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The Snowman on the Moon


by William Walsh


Green cheese? Nope. Try frozen sand. Frozen sand everywhere. When all you see is frozen sand, you learn to hate frozen sand. But then you realize that you're made of frozen sand, mostly, with an admix of lunar regolith for footing.

Who made me and why? That question used to keep me up nights. I always knew that my creator was a man because my being lacks all subtlety. I was endowed with no style, and my anatomy lacks anything by which I could measure my manhood. Turns out he was an astronaut. Of course. A playboy during that era. But sentimental about his Midwestern childhood and, at the time he made me, filled with romantic notions about his career. I understand he's divorced now. No kids. Blames the sterility on his space travel. He didn't mention me in his memoir. At least, I didn't find myself listed in its idiotic index.

I was a total improv job. I get the large, rolled snowballs, stacked biggest at the bottom, medium in the middle, and small up top. But I don't get the carrot nose. The two eyes made out of coal. The uneven stick arms. The mismatched mittens that don't want to stay on. I don't get the top hat, either. Or the scarf. Useless. Thanks for the scarf. How about a warm coat? Three buttons frozen on my chest, but no coat. No. Not a lot of thought went into my design. He just used whatever was handy, taking his inspiration from God knows what.

The corncob pipe I like. The corncob pipe was a good idea. Thanks for the corncob pipe. The corncob pipe helps me think. Relaxes me. When I'm on the corncob pipe, my mind works. I see the corncob pipe as proof that the guy who made me is capable of a good idea and has, at heart, a generous nature. The corncob pipe was a gift that says, I am yours and there's more where I came from—not necessarily more corncob pipes, but more things that make me feel the way the corncob pipe makes me feel.

The view is sensational, if vastness is your thing. The firmament. Wouldn't trade it, though some days I think it's too vast by half. A galaxy of stars and planets and the moons that moon around the other planets. My moon is certainly the best moon, which is, I realize, damning the place with faint praise. You want to insult a place, call it lunar. It's lonely, and nobody ever goes to the moon anymore.

Seen from earth, I must be quite a sight. A lunar colony of one. A totem to man's folly, I'd say. I am the space race. More symbolic than any flag that's been planted on the surface of the moon. I'm like the hieroglyphics they find in caves. Why I am not a major figure in popular culture is a mystery. I should be written about. Children should draw pictures of me and form pseudo-familial attachments. There should be an item in the papers once in a while in which the USPS opens some of the mail people are trying to send to the Snowman on the Moon. I should be a figure of great interest, studied across academic disciplines. But no. Everybody wants the snowman to melt. Can't wait 'til I'm a puddle.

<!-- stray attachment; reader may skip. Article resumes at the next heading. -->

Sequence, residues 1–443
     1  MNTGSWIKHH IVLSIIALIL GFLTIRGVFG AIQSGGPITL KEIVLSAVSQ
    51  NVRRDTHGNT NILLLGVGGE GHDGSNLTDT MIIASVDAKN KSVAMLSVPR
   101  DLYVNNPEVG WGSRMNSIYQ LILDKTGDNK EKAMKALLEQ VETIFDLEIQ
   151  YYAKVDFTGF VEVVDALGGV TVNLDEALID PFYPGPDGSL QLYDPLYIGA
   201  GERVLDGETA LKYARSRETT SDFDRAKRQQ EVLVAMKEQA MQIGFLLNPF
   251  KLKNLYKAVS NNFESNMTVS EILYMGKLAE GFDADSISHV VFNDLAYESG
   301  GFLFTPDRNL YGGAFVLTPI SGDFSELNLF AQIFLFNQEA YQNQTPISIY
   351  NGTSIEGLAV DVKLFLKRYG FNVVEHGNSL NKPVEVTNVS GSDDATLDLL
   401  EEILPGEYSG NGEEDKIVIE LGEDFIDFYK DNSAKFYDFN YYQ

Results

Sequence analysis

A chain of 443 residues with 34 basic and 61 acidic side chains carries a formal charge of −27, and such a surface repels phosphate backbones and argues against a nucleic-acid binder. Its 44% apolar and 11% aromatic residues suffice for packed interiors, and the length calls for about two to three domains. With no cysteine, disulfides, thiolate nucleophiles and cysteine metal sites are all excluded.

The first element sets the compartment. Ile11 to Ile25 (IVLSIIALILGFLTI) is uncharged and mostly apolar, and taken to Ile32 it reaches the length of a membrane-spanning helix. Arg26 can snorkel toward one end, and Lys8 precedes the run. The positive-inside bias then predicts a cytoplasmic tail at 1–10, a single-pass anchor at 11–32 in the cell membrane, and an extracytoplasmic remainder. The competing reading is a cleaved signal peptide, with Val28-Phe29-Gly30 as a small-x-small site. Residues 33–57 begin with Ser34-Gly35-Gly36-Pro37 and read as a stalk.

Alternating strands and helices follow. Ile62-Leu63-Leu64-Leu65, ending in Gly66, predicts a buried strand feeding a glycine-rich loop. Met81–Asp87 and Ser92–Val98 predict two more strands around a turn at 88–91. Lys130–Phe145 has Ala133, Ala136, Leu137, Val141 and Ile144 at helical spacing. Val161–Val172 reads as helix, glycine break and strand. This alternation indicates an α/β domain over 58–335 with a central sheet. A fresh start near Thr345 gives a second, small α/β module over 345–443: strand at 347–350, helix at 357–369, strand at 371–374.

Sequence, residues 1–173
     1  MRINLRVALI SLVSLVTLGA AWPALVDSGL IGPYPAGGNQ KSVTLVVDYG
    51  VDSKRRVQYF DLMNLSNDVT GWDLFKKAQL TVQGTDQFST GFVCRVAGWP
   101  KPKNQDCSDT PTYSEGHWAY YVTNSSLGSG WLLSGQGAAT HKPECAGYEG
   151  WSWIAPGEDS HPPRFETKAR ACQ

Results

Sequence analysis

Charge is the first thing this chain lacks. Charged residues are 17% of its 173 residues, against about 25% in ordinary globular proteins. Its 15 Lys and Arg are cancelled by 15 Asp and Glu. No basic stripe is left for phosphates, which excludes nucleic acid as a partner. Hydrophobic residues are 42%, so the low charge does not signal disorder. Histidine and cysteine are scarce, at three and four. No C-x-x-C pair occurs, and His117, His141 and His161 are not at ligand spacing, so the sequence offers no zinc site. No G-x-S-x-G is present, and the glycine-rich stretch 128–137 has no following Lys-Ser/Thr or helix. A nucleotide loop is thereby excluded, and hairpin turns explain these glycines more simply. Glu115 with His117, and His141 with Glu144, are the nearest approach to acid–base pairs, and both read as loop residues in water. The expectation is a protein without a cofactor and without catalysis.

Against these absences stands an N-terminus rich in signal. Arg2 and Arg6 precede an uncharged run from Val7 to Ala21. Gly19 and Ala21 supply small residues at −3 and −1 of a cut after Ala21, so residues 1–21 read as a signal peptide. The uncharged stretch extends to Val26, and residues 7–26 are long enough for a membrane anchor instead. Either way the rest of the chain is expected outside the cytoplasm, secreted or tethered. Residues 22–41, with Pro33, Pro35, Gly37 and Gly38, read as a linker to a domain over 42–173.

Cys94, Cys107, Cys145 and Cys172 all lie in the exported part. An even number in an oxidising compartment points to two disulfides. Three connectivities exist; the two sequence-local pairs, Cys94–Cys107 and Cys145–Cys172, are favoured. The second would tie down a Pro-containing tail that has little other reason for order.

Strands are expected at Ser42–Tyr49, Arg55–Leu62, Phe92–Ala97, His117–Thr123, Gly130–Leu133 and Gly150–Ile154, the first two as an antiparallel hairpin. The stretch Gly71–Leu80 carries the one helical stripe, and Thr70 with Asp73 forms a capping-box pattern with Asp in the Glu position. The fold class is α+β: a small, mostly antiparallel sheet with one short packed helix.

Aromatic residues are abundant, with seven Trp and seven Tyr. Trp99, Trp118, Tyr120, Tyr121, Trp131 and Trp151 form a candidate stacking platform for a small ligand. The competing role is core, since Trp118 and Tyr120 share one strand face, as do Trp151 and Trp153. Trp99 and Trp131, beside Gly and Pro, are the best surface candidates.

I try to keep the grump in me at bay, but it's a struggle. Especially around the holidays. I call it catalogue season. 'Tis a cruel season. I have nothing and no means to order anything. Nobody to shop for and nobody to buy things for me. But the catalogues keep coming. And these catalogues don't bring out the best in me. The catalogues switch on what I call my want switch. I never knew that I wanted so much until the first catalogue came in the mail. Nothing but catalogues some days. Home decor. Electronics. Smart toys. Spicey meats and cheeses. Lingerie. The lingerie catalogues offer more questions than answers. The women are inscrutable and totally stacked, built like no snowwoman I've ever imagined. I wouldn't know where to begin with these lingerie women. But the other catalogues give me ideas.


I have two competing thoughts in my head lately.


Idea number one is big and I am inclined to dismiss it despite its persistence. Here it is: I'm not just three sections of frozen sand—I'm really four. The fourth section is sort of my second bottom and it is the moon itself. Crazy. But think about it. I'm made of frozen sand, the moon is made of frozen sand. It's a leap of ego that I want to take but can't seem to make. It's also an exercise in self-loathing. I am the thing I hate. My ass is the moon, and I hate my ass.


Idea number two is the easier course: Christmas. That is, I can't help feeling that I'm made for Christmas, that I have something to do with its celebration, even though I have good reason not to believe in Santa Claus. Two Christmases ago I had a perfect view of the North Pole on Christmas Eve and I saw no activity whatsoever. Not a creature was stirring. But I think maybe if I embrace the holiday wholeheartedly I'll realize some returns. Regardless, I know that I will again mail my wish list to Santa Claus, which I am writing today. This is another thing that the catalogues are good for. I mark up each catalogue and tear out the pages of the things I want. First pass I get the big ticket items: recumbent bicycle, panini press, a set of clay poker chips. Then a few practical items: flannel sheets, a telescope.


I don't know. I want so much.

 

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